I grew up in an Irish Catholic family where three things happened on Sunday- Mass in the morning, Sunday dinner at noon, and Sunday night football which started with the pre-game festivities around 5 pm.
I grew up in Connecticut, so the New England Patriots were our favorite team.
During the football season, Mom would usually forego the Sunday dinner obligation in order to get ready for the football gatherings with friends. We grew up in a great neighborhood with close friends who became family through the years. Everyone brought a dish to share and whatever they wanted to drink.
We started with hot and cold appetizers, and dinner, and finished off with dessert.
These Sunday gatherings with family and friends are one of my favorite memories.
While I tried to like watching the game, I honestly just got bored with all the starts and stops. I enjoyed watching my older sister play high school sports; she was an amazing athlete. I played field hockey in high school for three years and I enjoyed the faster pace of that game on and off the field. But truth be told, sports just wasn’t my thing.
People are my thing.
I have always liked connecting with people- sharing stories, laughter, and having a good time. Our Sunday night gatherings were more about building relationships and sharing good food than about watching the game on television (although my older siblings and friends might disagree).
And since people are my thing, I enjoyed listening to the pre and post-game interviews because that’s where we heard the stories of players’ lives and history and the families that were so proud of their loved one’s achievements.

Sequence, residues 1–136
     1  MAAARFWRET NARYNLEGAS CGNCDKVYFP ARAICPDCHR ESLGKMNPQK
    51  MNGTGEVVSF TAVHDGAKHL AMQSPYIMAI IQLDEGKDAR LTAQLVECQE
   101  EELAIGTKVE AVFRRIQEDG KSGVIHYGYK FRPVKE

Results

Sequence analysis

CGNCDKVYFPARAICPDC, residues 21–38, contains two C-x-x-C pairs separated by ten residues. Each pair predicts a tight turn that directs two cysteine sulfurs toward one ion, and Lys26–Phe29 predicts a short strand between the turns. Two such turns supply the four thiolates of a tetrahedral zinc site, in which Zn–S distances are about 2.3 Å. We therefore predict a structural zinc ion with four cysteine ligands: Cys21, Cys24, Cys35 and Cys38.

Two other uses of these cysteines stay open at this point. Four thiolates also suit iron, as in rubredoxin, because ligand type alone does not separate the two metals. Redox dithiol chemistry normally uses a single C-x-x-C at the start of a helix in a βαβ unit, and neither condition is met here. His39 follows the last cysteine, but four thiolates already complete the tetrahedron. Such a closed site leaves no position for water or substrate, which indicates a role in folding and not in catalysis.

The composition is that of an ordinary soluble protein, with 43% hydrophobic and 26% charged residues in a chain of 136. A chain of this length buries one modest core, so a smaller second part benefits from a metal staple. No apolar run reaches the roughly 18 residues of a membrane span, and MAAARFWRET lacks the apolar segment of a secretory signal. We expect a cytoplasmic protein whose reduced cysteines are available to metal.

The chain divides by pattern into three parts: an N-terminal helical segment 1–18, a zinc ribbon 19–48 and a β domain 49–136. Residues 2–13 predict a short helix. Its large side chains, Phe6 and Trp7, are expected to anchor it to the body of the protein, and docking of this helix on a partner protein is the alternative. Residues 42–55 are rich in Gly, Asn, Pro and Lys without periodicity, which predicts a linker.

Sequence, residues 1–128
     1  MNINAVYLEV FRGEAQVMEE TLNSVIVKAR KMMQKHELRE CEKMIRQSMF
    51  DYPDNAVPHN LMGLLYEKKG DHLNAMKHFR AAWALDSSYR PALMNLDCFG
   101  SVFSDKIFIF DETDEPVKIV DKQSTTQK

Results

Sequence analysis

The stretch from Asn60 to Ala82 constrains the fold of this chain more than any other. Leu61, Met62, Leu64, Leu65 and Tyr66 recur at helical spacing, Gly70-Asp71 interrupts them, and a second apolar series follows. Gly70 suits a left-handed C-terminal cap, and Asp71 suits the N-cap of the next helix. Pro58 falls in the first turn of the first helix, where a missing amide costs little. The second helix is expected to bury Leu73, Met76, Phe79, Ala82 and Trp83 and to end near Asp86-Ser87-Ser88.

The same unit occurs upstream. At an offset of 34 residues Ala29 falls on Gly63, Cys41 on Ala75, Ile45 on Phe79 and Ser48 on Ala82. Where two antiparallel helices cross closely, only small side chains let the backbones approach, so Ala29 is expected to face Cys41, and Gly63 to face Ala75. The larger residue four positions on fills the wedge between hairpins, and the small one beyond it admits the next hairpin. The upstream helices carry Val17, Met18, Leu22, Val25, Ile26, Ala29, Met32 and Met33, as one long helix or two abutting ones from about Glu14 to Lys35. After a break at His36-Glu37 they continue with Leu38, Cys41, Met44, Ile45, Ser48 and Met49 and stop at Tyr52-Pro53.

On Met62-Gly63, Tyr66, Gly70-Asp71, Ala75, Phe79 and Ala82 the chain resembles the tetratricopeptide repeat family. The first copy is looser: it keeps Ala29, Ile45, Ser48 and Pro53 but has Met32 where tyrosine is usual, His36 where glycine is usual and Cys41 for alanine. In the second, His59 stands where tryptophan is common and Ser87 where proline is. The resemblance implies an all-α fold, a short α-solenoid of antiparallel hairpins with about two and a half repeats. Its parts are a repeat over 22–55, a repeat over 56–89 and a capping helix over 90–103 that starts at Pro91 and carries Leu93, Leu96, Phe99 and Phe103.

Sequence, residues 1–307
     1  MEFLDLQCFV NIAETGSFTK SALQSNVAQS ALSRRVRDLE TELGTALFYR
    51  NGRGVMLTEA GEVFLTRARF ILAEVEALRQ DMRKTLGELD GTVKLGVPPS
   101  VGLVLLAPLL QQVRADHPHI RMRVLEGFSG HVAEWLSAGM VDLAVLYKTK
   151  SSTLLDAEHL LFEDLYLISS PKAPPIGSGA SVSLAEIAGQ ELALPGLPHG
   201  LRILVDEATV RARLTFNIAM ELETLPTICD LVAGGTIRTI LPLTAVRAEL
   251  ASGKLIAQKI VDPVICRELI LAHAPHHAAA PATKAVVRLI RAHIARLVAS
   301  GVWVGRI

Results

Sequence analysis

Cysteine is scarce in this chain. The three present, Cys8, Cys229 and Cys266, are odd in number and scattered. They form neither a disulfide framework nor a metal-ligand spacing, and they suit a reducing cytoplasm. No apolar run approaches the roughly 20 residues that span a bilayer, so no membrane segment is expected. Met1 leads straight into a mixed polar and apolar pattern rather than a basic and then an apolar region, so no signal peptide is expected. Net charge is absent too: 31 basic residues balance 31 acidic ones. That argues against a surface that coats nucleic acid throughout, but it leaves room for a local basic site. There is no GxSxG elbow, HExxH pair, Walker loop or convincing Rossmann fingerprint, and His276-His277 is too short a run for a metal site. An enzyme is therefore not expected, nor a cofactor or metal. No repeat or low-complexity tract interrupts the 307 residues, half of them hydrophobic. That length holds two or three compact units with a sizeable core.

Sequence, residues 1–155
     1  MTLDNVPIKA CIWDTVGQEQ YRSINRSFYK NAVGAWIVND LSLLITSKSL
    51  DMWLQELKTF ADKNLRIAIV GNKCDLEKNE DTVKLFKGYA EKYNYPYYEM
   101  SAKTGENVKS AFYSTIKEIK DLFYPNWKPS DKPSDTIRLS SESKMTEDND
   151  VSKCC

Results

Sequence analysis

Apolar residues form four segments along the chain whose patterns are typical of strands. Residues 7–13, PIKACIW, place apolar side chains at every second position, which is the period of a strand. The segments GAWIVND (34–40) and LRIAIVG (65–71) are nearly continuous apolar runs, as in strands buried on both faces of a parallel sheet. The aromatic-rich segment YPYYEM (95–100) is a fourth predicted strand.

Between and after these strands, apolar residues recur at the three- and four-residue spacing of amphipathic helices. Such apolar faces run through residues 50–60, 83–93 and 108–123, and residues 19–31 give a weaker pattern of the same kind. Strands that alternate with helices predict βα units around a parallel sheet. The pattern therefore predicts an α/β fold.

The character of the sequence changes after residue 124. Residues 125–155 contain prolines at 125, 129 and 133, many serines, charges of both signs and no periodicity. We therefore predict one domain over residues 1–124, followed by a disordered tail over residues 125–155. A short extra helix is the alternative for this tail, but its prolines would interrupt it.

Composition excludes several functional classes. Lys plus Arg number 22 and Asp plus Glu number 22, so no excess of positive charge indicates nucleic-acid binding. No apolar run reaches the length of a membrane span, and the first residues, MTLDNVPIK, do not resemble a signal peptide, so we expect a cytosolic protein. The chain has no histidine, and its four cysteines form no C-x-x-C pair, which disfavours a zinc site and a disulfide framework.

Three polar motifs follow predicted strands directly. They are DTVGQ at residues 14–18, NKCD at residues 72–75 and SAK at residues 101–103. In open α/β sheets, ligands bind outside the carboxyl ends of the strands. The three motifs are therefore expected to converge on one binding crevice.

Those interviews were also the place where players would reveal their faith.
Even as a young child and into my teenage years, I loved hearing players giving honor to the Lord and thanking God for the blessings of family, and a career that enabled them to play a game they loved. These players, rather than acting like modern gods, honored God with their lives and livelihood.
I have been inspired by the athletes who live and display their faith on and off the field. When messages were popping up on my phone to “pray for Damar”, I turned to Google to find out who was the person inspiring everyone- even people who don’t express belief in God- to pray.
When I watched the video clip of Damar Hamlin’s collapse and read the articles, I was moved to tears. I believe a miracle occurred on the 50-yard line while millions of people watched in the stadium and in homes across the nation.
The first miracle was one of skilled medical intervention from trained emergency personnel who were able to restart Hamlin’s heart and transfer him safely to the hospital where he was intubated and stabilized in hopes that his body could heal.
But an even greater miracle happened on the field as the NFL dropped to its knees in prayer for Hamlin. An organization that years prior supported players to “take a knee” as a sign of protesting racial injustice while frowning on players’ public demonstrations of prayer, now led their teams to kneel in prayer for Hamlin.
Hamlin certainly is making a remarkable recovery, even if his doctors shy from using the term “miracle”. I would say when an ESPN commentator goes off script to pray for Hamlin on television — and wasn’t fired — that’s nothing short of a miracle.
These are the stories and witnesses that get my attention directed to the football field and inspire me to hope. While we know that Hamlin still has a road ahead of him to recovery, he has certainly made tremendous progress thus far.
I can’t help but wonder if for such a time as this, God is becoming more visible to more people in more tangible ways. I would certainly rather see demonstrations of prayer on a football field than a bizarre display of demons dancing on a stage at the Grammy’s.
We need more stories of hope and inspiration to get us through the ups and downs of life.
If praying for miracles is the future direction for ESPN and the NFL, I might just become a fan.
Go, God, go!
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